Tai Chi Boxer AKA Tai Chi 2
HONG KONG LEGENDS
 
Starring:
Jacky Wu, Christy Chung, Darren Shahlavi, Billy Chow
Directed By:
Yuen Woo-Ping
Year:
1996
Run Time:
92 mins
Producer: Hong Kong Legends
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Languages:
CANTONESE 5.1, English 5.1
Subtitles:
English, Dutch
W/S Subtitles:
Yes
Ratio:
1.85:1 Anamorphic
Region:
PAL 2 & 4
Genre:
Wire-Work/Wire-Fu - 15 (UK)
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MOVIE
6/10

Made only six years ago, Yuen Woo-Ping's quasi-sequel to 'Tai Chi Master' seems to have aged far faster than most.
This is due in no small part to the inclusion of the musical scores from Armour Of God and Tiger Cage - a totally out of place addition to a film set in the early 1900's.
Aside from the quite awful acting of lead villain Mr. Smith (Darren Shahlavi) - I've seen pantomime dames with more menace - the rest of the cast are all average to good.
As the film's main star, young Jacky Wu handles himself admirably. The light-hearted, cheeky-chappy persona his character possesses borders on the irritating, but never quite gets there. The same can be said for Christy Chung's utterly thankless role as Wu's love interest.

Whilst there's some semblance of a plot involving opium smuggling and the like, it really has little baring on the film's main draw.
Yuen Woo-Ping shows the very best, and worst, of his choreographical abilities, with each of the numerous fight scenes.
The horribly obvious and overused wirework which infests a number of set-pieces lies uneasily alongside the far more impressive hand to hand combat sequences.
Disappointingly, the action scenes reach their peak about three quarters of the way through, leaving a finale which ooks like an ultra-cheap Once Upon A Time In China rehash.
The most impressive scenes are those which use the (obviously stylised) Tai Chi movements of which Jackie Wu's character is an expert.

The film is competently directed, although it does have a very low budget feel to it, with little attention paid to plot development or cinematography.

PICTURE
9/10

A few marks and speckles and grain is noticeable in certain scenes, but otherwise this a superb transfer.
The print is in very good condition and high detail levels give the transfer a very crisp look.

Whilst very little attention has been paid to the film's cinematography, thanks to some effective usage of Mainland Chinese locations and excellent period costumes, the transfer has something to get its teeth into.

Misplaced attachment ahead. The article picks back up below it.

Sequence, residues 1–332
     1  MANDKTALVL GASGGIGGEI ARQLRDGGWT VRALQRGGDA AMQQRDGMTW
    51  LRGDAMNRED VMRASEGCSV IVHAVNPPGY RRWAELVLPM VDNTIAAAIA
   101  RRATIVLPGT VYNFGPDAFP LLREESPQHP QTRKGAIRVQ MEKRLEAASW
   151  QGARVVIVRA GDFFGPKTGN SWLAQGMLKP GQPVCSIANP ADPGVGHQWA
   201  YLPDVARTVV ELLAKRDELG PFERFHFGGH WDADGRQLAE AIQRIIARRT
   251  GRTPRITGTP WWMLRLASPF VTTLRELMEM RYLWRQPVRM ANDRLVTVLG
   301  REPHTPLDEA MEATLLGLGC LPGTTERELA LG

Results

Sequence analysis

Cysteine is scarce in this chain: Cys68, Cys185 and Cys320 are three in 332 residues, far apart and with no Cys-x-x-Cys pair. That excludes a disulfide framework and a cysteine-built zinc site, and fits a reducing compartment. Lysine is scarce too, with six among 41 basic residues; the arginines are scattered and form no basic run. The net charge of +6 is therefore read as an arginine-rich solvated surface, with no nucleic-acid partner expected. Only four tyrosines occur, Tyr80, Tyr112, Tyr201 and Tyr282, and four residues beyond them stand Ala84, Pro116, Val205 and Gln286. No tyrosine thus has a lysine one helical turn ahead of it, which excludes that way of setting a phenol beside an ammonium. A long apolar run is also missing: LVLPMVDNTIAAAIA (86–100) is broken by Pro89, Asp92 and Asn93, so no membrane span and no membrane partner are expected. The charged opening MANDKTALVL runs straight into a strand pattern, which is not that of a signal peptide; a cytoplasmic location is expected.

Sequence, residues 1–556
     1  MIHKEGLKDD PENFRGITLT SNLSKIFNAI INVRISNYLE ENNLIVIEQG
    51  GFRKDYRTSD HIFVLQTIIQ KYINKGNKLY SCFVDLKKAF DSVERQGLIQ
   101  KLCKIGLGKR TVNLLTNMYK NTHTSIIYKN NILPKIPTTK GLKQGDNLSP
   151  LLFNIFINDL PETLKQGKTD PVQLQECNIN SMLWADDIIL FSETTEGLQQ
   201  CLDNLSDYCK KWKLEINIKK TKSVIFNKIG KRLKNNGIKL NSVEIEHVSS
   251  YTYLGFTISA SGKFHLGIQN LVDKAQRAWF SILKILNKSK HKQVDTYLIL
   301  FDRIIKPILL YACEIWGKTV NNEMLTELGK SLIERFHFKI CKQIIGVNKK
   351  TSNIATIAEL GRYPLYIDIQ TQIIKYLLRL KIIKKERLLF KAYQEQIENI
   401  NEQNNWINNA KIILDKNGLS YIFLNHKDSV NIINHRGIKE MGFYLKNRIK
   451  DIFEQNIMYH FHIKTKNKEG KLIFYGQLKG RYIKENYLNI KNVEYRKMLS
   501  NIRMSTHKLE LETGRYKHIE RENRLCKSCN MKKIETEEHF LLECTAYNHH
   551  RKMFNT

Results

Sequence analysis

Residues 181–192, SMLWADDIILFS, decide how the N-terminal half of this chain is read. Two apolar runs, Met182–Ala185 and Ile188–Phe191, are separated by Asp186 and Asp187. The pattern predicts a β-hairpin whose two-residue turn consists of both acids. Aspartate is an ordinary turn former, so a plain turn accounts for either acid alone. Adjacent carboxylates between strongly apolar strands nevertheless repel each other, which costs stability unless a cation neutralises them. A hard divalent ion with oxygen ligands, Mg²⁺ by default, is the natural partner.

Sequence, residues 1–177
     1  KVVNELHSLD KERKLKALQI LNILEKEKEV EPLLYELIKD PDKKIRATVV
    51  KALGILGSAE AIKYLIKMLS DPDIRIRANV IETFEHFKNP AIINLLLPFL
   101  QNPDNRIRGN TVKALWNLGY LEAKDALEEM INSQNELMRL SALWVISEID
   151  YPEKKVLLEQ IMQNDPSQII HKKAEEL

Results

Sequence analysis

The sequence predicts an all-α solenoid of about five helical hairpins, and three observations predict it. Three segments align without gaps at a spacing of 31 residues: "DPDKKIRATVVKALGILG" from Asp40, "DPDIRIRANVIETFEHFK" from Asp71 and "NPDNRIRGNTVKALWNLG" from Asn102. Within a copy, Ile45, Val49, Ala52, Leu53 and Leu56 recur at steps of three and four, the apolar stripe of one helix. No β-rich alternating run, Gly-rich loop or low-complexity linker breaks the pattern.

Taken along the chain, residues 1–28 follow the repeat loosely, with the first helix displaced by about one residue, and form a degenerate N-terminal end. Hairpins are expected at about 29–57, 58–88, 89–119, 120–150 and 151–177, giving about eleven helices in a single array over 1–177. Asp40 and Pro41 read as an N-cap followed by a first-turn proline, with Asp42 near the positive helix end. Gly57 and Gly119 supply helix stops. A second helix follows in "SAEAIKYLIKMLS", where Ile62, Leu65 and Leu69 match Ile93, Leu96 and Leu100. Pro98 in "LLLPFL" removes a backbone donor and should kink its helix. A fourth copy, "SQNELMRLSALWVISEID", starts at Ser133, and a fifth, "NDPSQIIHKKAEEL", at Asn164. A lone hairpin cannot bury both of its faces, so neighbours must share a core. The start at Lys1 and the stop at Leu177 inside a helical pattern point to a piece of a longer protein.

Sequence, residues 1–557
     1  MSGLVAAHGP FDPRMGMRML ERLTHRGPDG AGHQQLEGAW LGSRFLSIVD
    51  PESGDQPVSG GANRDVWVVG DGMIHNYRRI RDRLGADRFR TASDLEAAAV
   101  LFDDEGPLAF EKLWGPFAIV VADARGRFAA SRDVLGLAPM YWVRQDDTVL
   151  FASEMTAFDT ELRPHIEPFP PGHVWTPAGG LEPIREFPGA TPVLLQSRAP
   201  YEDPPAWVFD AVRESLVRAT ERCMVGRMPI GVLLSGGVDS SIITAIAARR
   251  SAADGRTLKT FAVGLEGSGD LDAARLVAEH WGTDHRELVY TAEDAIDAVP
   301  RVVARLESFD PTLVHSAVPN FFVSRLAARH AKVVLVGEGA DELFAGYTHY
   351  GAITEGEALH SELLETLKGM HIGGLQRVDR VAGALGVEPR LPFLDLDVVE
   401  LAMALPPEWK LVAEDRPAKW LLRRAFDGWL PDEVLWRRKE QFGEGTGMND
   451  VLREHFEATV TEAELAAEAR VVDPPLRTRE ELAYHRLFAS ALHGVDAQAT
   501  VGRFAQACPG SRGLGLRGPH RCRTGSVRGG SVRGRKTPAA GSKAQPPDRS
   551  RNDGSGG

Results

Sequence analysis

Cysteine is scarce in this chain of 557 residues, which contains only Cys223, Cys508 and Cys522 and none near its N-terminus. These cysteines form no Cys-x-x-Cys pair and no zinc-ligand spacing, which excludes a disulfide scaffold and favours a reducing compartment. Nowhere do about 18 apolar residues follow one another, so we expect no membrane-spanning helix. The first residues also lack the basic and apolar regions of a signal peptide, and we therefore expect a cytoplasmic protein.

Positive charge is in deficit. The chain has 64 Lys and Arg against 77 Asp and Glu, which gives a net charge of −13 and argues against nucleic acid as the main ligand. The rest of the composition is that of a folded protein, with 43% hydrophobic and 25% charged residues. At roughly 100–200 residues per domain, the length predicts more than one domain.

Few scenes drop their high detail levels to any noticeable degree, which means the transfer keeps an impressive consistency.
Colours are good, though not particularly striking, but remain natural enough throughout.
This is a top quality presentation from HKL.

SOUND
6/10

Nothing to make your hair stand on end, but none the less solid. Rear effects are almost non-existent, but the general standard of the mix is above average.

SUBTITLES
8/10

Much improved translations are found on this HKL disc, which stay faithful to the film's dialogue.
The Tai Chi techniques used throughout are all translated accurately with no attempts made to Anglicise them.

MENUS
9/10

Elegantly designed and composed menu screens feature throughout, which utilise the Yin-Yang symbol to good effect.

EXTRAS
7/10

Interview Gallery
Christy Chung
Conducted by Bey Logan, this light-hearted interview is extremely disappointing. Only a few minutes are spent discussing Christy's views on the production, with the remainder filled with her opinions of Chow Sing-Chi, Jet Lee and Jackie Chan.
The only high point comes in the interviews final
minutes, but to explain would spoil the surprise for any male (or female) fans...

Darren Shahlavi (40 minutes)
A superb discussion with the film's lead villain, British martial artist Darren Shahlavi. Interspersed are illuminating clips of behind the scenes camcorder footage, much like those found on the City Hunter DVD.
Shahlavi may be found wanting in the acting department, but he comes across as a totally down-to-earth person, and is happy to regale the interviewer with his experiences on the set.

Christy Chung Photo Gallery
A decent selection of snaps mostly taken (I presume) from her much (self) publicised book.
Easy to navigate, though not particularly interesting.

Behind The Scenes Photo Gallery

A very large selection of production stills, which are far more interesting than the majority of photo galleries put together by HKL.
Once again, exceptionally easy to navigate, and well worth a look.

Behind The Scenes Footage (2 minutes)
A very short but eye-opening selection of more footage from Shahlavi's camcorder.

Trailers
UK Promo Trailer
Original Theatrical Trailer

Commentary
It goes without saying that this is yet another excellent Logan commentary, littered with facts and behind the scenes knowledge.

CONCLUSION
7/10

An immensely lacklustre plot, and some average extras are bolstered by some excellent fight sequences in this latest of HKL releases.
As an entertaining 90 minute kung fu flick this undoubtedly holds the attention. However, it's questionable whether this Tai Chi Boxer will last the distance irrespective of its impressive transfer...

MOVIE 6/10
PICTURE
9/10
SOUND
7/10
SUBTITLES
8/10
EXTRAS
7/10
MENUS
9/10
PACKAGING
8/10
OVERALL 7/10